|INTERNATIONAL|||||CASE NO. 703|
|LOCAL NO. 1536, AFL-CIO,||||
|CITY OF FAIRBURY, NEBRASKA||||
|and FAIRBURY, BOARD OF||||
|CITY OF FAIRBURY, NEBRASKA,|||||CASE NO. 705|
|LOCAL NO. 1536, AFL-CIO,||||
For the Petitioner: David D. Weinberg
Weinberg & Weinberg, P.C.
8901 Indian Hills Drive, Suite 1
Omaha, Nebraska 68114
For the Respondents: Jerry L. Pigsley
Nelson & Harding
500 The Atrium, 1200 N Street
P.O. Box 82028
Lincoln, Nebraska 68501
Before: Judges Orr, Mullin, and Kratz
In its Journal Entry of February 9, 1988, the Commission consolidated the Petition and Application for Temporary Order filed by the employer in Case No. 705 with the wage case filed by the union in Case No. 703 and stated that hereinafter these matters would be referred to as Case No. 703/705. In Case No. 703, the International Brotherhood of Electrical Workers, Local No. 1536 (union) is the Petitioner and the City of Fairbury and Fairbury Board of Public Workers (employer) is the Respondent. For consistency throughout this Order, we will refer to the union as the Petitioner and the employer as the Respondent.
As stated in the Journal Entry and at trial, this matter comes before the Commission on the issue of compelling bargaining raised by the Respondent's Petition in Case No. 705. Both parties offered evidence through exhibits and testimony which were received by the Commission. The Petitioner was represented by its attorney, David D. Weinberg, and Respondent was represented by its attorney, Jerry L. Pigsley.
The main thrust of Respondent's argument was that the parties were still negotiating and a formal impasse had not been declared when the Petitioner filed its wage petition in Case No. 703. the evidence clearly establishes that the two parties have been attempting to negotiate a contract since 1985. In particular, in calendar year 1987 they met on ten separate occasions.
The Commission encourages parties to bargain and settle disputes themselves and if it appears that further bargaining would be fruitful, we will send them back to the bargaining table as we are authorized to do under Section 48-816(1). However, bargaining cannot continue beyond a reasonable time period and still adhere to the public policy of resolving disputes in a timely fashion. Tekamah-Herman Educ. Ass'n v. School Dist. of Tekamah-Herman , 9 CIR 78 (1987). After negotiating for two years, the Petitioner determined that they were in no better position than when they began bargaining in 1985. We feel that the parties have devoted a reasonable amount of time in resolving their differences but that now it is time for the dispute to be resolved.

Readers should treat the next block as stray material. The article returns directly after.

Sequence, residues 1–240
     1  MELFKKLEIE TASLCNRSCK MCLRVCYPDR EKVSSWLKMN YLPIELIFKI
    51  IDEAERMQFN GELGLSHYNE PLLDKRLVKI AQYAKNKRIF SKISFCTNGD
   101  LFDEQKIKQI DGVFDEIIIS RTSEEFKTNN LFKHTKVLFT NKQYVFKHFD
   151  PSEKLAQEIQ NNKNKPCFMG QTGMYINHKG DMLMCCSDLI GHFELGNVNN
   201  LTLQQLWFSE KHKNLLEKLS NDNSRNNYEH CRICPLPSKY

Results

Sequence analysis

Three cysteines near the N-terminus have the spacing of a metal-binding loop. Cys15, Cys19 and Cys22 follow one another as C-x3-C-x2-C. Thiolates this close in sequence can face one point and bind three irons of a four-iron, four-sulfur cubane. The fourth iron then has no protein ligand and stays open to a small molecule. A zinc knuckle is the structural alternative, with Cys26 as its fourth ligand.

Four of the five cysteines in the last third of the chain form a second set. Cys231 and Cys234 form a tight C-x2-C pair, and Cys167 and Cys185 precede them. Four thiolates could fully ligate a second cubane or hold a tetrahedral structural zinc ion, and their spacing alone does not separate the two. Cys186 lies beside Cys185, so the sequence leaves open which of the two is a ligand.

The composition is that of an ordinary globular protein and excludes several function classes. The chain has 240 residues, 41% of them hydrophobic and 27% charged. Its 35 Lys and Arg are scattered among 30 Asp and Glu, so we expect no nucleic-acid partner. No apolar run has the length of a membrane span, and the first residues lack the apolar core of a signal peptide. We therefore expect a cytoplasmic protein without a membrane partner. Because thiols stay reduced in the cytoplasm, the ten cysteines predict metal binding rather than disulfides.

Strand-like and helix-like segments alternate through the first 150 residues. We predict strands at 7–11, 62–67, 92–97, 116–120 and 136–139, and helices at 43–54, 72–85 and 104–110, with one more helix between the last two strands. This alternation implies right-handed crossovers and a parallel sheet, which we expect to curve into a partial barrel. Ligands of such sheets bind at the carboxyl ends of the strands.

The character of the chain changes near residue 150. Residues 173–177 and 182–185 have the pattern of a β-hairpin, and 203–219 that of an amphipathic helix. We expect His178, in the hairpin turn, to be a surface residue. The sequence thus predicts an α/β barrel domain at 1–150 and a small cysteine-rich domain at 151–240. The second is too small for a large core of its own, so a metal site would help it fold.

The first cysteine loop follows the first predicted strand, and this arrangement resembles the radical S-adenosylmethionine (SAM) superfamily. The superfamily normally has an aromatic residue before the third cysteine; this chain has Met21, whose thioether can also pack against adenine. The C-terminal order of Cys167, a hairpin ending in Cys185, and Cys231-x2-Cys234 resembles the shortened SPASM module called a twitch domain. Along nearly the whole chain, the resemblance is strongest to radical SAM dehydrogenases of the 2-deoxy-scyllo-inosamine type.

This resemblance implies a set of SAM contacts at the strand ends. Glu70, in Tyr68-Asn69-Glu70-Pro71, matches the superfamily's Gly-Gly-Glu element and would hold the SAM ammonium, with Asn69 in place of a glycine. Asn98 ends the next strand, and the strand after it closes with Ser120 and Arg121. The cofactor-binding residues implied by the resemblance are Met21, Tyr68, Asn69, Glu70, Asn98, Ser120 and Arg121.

In regard to Respondent's argument that formal impasse has not been declared, there has never been a prerequisite of impasse. As stated in International Brotherhood of Electrical Workers, Local Union 1536 v. McCook Public Power District , 3 CIR 117, 120 (1976):
...The record shows clearly that the parties are unable to agree on wages and conditions. Consequently, we have a "controversy concerning terms, tenure, or conditions of employment" and thus an industrial dispute, in accordance with Section 48-801(7), and the parties, therefore, may submit their dispute to this Court for determination....Defendant argues that the parties have not reached impasse and thus they should be allowed to continue to bargain without interference from this Court. This argument is without merit. The statute doesn't specifically require an impasse in bargaining before this Court can entertain jurisdiction, and if it did, the condition precedent has been met. The parties clearly are at impasse and we find it rather incredible that Defendant would suggest otherwise under the facts of this case.
Here too, the evidence clearly establishes that an industrial dispute exists and that the jurisdiction of the Commission has been invoked pursuant to Section 48-810.
The Commission hereby denies Respondent's motion to compel bargaining in Case No. 705
Entered March 8, 1988